International Women’s Day 2023 – Who Inspires You?
To celebrate International Women’s Day 2023, Trainee Solicitor, Michael Radze-Constable discusses who inspires him…
To celebrate International Women’s Day, my colleagues and I take the time to consider who inspires us. I have decided to choose the inspiring Margaret Thatcher. I have chosen the most admired, most hated, most idolised and most vilified public figure of the second half of the twentieth century.
Why Is Margaret Inspirational To Me?
Her Challenging of Patriarchy
“I don’t think there will be a woman Prime Minister in my lifetime” stated Margaret Hilda Thatcher in 1973. 6 years later on 4th May 1979, Thatcher arrived at 10 Downing Street to commence her reign as the longest-serving Prime Minister of the 20th Century.
Her path to power stood in stark contrast to your typical Prime Minister of the period. Four of the previous five Conservative Prime Ministers were educated at the expensive, exclusive and illustrious Eton School. Thatcher, born to a humble greengrocer, displayed a hard-working and aspirational mindset, winning a scholarship to study Chemistry at Oxford. After working as a research chemist to produce ice cream, she stood as the Conservative candidate for Dartford in the 1950 and 1951 elections. She was the youngest and only female candidate. This did not deter her; prospective candidate Bill Deeds noted that “once she opened her mouth, the rest of us began to look rather second-rate”.
Her Determined Spirit
Thatcher saw 1945 to 1979 as 34 wasted years. Governments subscribed to a system of “consensus politics”; no major variations regarding economic policies, regardless of which political party was in power. This system was considered ineffective, yet provided a safe, cautious and uncontroversial agenda for the 7 prime ministers that preceded Thatcher. She bravely began dismantling the decades that proceeded her, seeing those times as “The process of abandoning all beliefs, principles, values, and policies in search of something in which no one believes, but to which no one objects; the process of avoiding the very issues that have to be solved, merely because you cannot get agreement on the way ahead”.
Her new style of government was initially deemed a failure, with her job approval rating falling to 23% in December 1980 (lower than ever recorded for any previous Prime Minister). Thatcher persisted; “To those waiting with bated breath for that favourite media catchphrase, the “U” turn, I have only one thing to say. “You turn if you want to. The lady’s not for turning”. Thatcher was acronymed TINA (There Is No Alternative). Her policies gained traction, and her resolute leadership led to victory in the 1982 Falklands War. She was dubbed “The Iron Lady” and considered the most powerful woman of the 1980s. Dominant election wins followed in 1983 and 1987, making Thatcher one of the most electorally successful Prime Ministers of all time. Rather than U-Turning, the British people U-turned on her. Policies such as the Right to Buy (in which council house tenants could purchase their house from the Local Authority at a discount) and deregulation of the stock market led to a growing number of working class Thatcherites, who saw Thatcher as a provider of equal opportunities for those seeking social mobility.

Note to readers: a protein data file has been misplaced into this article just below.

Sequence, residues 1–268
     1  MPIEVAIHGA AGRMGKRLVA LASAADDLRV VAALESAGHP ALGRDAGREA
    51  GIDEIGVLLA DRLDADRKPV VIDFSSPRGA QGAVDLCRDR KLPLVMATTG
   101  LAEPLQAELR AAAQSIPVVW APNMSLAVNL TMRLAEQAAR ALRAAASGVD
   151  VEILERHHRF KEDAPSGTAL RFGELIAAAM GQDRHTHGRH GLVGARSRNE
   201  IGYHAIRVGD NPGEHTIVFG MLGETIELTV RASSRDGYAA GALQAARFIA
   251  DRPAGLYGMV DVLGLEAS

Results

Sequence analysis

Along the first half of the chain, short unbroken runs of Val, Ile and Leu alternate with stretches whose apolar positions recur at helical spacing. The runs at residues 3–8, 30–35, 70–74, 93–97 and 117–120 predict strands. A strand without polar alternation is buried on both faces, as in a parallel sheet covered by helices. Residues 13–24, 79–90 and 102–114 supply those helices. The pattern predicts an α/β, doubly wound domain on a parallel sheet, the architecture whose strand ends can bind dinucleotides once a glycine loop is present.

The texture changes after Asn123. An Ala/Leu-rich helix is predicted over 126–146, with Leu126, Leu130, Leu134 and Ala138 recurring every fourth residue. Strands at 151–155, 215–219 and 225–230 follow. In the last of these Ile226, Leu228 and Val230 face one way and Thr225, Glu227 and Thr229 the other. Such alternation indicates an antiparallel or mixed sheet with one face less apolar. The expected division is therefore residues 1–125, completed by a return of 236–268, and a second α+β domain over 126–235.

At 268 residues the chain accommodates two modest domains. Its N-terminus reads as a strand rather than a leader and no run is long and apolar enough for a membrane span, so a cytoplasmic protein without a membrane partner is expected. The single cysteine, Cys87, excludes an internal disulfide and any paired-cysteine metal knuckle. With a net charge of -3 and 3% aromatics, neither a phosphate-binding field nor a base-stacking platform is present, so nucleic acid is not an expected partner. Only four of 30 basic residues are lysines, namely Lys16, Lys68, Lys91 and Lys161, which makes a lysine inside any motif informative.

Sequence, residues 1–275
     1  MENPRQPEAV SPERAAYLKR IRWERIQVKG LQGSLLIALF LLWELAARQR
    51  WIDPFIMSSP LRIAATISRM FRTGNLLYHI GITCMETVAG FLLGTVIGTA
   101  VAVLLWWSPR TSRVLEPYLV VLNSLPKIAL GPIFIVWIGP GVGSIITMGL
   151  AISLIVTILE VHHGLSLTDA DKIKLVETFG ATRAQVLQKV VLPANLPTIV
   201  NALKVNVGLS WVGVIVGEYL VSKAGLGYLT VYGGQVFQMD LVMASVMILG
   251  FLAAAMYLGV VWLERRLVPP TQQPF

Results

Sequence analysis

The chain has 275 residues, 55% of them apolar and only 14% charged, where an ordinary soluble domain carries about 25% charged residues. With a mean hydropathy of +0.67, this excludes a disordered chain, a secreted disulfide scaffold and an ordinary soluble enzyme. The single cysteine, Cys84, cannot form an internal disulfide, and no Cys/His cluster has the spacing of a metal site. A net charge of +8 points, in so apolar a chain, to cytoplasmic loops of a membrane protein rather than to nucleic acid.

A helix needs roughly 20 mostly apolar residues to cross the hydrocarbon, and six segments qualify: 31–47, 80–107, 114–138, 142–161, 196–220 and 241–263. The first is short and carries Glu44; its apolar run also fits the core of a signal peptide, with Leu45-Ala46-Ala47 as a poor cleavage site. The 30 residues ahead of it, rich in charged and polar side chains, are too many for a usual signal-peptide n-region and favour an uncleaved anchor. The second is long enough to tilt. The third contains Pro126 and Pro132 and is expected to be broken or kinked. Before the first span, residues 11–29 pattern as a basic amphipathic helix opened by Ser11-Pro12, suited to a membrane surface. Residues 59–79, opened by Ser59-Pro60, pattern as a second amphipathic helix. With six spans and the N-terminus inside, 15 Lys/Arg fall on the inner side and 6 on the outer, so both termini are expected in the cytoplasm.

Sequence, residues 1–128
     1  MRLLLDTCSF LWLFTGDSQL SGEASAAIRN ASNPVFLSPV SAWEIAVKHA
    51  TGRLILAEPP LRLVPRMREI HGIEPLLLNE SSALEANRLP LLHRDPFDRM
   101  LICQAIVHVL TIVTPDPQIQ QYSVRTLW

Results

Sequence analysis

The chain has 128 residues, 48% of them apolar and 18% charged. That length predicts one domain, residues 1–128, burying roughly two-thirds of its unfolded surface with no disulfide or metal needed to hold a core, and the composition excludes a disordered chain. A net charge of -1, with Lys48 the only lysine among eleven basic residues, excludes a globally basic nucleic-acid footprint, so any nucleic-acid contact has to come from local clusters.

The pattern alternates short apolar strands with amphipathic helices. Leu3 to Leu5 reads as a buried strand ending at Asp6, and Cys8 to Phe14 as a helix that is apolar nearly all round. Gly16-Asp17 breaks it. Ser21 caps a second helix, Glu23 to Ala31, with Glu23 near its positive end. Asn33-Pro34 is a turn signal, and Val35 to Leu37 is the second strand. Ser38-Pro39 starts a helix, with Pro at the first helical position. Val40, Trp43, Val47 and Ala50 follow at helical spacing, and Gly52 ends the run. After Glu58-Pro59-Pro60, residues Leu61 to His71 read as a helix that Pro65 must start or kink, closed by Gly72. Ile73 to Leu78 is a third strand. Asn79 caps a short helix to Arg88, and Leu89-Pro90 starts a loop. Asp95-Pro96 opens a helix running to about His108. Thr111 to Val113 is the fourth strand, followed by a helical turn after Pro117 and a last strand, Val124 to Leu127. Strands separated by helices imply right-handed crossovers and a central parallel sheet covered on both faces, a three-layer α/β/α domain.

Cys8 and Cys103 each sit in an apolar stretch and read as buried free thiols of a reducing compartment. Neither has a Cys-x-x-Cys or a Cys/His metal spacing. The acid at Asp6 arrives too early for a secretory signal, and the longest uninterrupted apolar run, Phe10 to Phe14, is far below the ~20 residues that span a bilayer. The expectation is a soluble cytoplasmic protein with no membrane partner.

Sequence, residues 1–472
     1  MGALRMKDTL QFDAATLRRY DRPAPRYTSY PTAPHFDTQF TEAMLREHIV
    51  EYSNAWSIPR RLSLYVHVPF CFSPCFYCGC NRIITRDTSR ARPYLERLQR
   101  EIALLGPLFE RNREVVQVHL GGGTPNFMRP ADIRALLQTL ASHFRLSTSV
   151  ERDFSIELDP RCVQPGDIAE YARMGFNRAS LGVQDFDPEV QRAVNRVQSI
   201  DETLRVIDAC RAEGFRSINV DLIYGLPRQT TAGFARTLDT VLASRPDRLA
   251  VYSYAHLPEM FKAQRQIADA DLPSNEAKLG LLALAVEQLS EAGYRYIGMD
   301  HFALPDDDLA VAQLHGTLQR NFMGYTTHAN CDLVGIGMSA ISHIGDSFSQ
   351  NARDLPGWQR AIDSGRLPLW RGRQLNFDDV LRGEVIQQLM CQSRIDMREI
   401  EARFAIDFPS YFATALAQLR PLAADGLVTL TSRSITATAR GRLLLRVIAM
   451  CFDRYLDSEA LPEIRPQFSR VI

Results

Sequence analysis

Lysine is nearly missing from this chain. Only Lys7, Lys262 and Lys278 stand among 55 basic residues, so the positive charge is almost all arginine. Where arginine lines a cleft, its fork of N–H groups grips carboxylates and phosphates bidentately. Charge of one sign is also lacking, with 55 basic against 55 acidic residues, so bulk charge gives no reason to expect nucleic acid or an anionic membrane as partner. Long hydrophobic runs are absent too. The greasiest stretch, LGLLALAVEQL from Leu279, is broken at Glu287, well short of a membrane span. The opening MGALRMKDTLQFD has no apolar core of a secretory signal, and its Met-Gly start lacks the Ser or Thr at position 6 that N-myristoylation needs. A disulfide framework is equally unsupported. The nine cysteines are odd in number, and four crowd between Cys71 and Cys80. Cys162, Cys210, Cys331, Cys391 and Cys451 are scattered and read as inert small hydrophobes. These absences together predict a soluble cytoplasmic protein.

Her Legacy and Ability to Achieve True Change
The odds were against Thatcher in 1979. The First Female Candidate running for office stood against a then dominant force in British Politics; The Labour party having won the largest number of seats in four of the previous five elections. However, by the time Labour regained power in 1997, the success of Thatcherism as an ideal forced the party to adapt in dramatic fashion. Tony Blair believed his job was to build on Thatcher policies, stating she was a “towering political figure” who left a worldwide legacy. Following Thatcher’s death in 2013, graffiti in Trafalgar Square hoped that she would “rot in hell”, street parties were held across Britain, and celebrations took place in Glasgow, Brixton, Liverpool, Bristol, Leeds, Belfast and Cardiff. Thatcher would most likely not have been too troubled. Following an assassination attempt by the IRA in 1984, in which her hotel was subject to a detonating bomb, Thatcher, who had already been working through the night, continued with her planned conference in the morning with a coolness which personified her life as a lady who overcame extreme adversity to achieve ambitions which she thought not even possible as a 1970s woman in a world dominated by Etonian men. After her resignation in 1990, it would take another 26 years for another Female Prime Minister to surface in the UK.
Margaret Thatcher didn’t see another female Prime Minister in her lifetime. She was ahead of her time and this is why I chose ‘The Iron Lady’ to celebrate International Women’s Day 2023.